Direction NE – SW Distance: c.
Footpath 9 is a route from Park Lane, Footpath 8, to Gamlingay Cinques, sometimes written as Gamlingay Sinks. It starts (or finishes) at the junction of the farm track with Park Lane, by a stand of silver birch trees forming the edge of Old Plough Farm, a late-20th century bungalow on the Clopton Way (TL226526). A small yellow arrow on a fence post highlights the route.
Aerial photographs of the fields to the southwest, near New Barn Farm, show a ridge and furrow pattern, the medieval field system where peasants farmed a long, narrow strip of land earthed up into a ridge. The furrow was the dip between each strip (SMR 11394; TL 22155265) To the north, aerial photographs indicate some rectangular earthworks around an oval hollow, damaged by a sand pit on its northern boundary. Their date is unknown but they appear to be old field boundaries. (SMR 09969; TL 2265170) Thomas Langdon’s 1601 map describes this field as Comon behinde Wellefes. The word Wellefes is written over several fields to the east where Ashpole House is built.
A grassy path takes you northeast into Gamlingay Cinques, To the northwest you pass a number of smallholdings behind which is ARMFIBRE, a factory making reinforced plastic products for pollution control.
Extensive tree planting, pig rearing and market gardening following enclosure have altered the natural vegetation of Gamlingay Great Heath. The Wildlife Trusts have set up this nature reserve at Gamlingay Great Heath and are reintroducing heath land to help conserve some of the natural habitat. Sheep grazing is to be reintroduced. The reserve includes a pit dug for the Cambridgeshire Greensand needed in the construction industry. When the pits were first excavated is uncertain but thought to be after 1844 Enclosure Act. Other overgrown pits or hollows that dot the fields along the top of the Greensand Ridge in this area are remnants of this old industry. In wet weather, you can see pools of water where rainwater has not yet managed to drain into the Gault Clay beneath.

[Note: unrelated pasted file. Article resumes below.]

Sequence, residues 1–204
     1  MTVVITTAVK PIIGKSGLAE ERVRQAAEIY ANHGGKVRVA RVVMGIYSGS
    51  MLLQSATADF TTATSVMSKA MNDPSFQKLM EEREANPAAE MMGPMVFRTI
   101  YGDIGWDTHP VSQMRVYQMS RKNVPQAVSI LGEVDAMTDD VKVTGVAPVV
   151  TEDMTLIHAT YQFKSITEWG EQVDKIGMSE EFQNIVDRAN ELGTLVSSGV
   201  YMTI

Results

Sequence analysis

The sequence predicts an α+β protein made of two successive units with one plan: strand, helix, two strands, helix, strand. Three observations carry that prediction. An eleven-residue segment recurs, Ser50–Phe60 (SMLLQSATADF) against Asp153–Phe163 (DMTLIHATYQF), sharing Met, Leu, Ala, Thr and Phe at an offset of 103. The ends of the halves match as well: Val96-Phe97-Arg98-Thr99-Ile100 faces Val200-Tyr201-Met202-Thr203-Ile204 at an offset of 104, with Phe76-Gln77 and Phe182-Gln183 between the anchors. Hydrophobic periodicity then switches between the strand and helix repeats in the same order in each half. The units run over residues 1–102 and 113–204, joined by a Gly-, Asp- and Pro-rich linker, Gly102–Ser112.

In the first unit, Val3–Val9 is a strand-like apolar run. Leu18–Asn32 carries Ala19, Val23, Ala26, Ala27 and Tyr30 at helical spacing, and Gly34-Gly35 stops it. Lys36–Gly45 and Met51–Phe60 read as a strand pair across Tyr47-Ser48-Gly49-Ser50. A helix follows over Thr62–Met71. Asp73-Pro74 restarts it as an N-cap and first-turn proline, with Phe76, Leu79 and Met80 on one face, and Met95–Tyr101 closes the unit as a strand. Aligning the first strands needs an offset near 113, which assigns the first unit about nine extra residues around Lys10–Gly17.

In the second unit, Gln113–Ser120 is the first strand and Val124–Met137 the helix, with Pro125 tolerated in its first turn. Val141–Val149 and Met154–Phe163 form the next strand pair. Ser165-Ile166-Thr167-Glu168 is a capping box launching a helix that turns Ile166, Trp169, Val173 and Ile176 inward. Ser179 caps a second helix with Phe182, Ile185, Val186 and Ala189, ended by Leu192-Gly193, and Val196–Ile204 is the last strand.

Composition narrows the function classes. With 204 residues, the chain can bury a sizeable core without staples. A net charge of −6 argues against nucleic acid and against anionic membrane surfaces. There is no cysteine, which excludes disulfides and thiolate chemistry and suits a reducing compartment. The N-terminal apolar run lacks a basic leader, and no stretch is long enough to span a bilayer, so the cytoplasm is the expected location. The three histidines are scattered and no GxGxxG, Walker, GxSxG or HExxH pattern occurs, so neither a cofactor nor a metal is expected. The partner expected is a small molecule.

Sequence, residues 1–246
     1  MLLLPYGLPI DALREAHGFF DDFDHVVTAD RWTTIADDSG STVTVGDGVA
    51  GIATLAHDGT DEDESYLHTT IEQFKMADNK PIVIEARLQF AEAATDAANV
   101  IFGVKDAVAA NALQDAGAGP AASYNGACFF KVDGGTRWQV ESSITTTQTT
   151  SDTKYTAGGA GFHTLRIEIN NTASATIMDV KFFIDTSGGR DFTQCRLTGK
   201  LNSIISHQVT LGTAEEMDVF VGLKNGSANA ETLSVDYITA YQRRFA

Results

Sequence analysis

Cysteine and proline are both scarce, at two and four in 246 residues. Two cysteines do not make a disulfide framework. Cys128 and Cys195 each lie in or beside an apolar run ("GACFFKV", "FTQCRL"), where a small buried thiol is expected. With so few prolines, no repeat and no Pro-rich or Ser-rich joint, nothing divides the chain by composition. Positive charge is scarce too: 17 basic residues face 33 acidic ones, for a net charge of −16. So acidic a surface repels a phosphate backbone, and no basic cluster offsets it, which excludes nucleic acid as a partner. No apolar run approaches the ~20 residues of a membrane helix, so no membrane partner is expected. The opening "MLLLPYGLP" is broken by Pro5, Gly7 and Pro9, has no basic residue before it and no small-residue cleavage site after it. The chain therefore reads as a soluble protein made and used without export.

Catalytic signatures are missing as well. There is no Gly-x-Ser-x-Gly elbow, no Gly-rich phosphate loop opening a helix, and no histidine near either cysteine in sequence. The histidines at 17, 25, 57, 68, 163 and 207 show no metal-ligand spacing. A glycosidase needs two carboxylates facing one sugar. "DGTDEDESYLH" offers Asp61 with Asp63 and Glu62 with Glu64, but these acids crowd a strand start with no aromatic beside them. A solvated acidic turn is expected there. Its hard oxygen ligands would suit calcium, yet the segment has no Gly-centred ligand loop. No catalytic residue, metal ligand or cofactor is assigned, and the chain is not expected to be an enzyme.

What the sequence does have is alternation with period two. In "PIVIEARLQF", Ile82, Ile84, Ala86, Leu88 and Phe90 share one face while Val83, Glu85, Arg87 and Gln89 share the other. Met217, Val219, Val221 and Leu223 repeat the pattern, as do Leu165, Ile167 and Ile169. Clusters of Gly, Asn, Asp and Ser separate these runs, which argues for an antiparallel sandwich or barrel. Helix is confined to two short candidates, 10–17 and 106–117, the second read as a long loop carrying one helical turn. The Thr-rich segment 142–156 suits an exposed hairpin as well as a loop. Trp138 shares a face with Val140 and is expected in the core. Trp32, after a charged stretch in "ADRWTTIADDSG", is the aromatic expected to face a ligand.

Naturalists have been attracted to these heath lands for centuries. John Ray, often referred to as the father of English natural history, described plants on Gamlingay Heath in his Catalogue of Cambridge Plants published in 1660. The reserve contains a variety of habitats unique to Cambridgeshire, from wetland plants in the damp hollows to heath and woodland on the dry acidic Greensand. Over the years, 22 different plant species have been found. When one is walking through the countryside one of the measures used to determine how old a path or trackway is, is to count the number of species and multiply by 100. This gives 2,200 years for Gamlingay Cinques, a reasonable date for when the trees might have started being cut down. On the wetter soils you can find St. John’s wort, cuckooflower, bent grass, sedges and rushes. On the drier soils there are heathers, heath bedstraw, harebell and heath grass. There is also gorse and areas of maturing woodland .including pollarded oaks, cut off at shoulder height to stimulate new straight growth above the heads of grazing cattle.
Once you reach the car park at the edge of the nature reserve you have a choice of routes. Following the road through the predominantly 19th century cottages takes you down Cinques Road, mostly along the pavement back into Gamlingay. An alternative route is to cross the eastern edge of the common towards the slate-roofed Victorian cottages where a farm track takes you back to Footpath 8.
The settlement of Gamlingay Cinques is old. A 17th century thatched cottage can be seen on the corner by the workshops and sheds of R. G. Hills and Sons Ltd, Potato Merchants and Hauliers.
White Horse Public House
Immediately past it is a kissing gate giving access to Cinques Common Nature reserve.
You can walk through the Nature Reserve back onto Drove Road and come back down Footpath 8 to the same spot.
Aerial photographs have revealed a medieval field system in the fields to the north with its ridges and furrows (SMR 11401)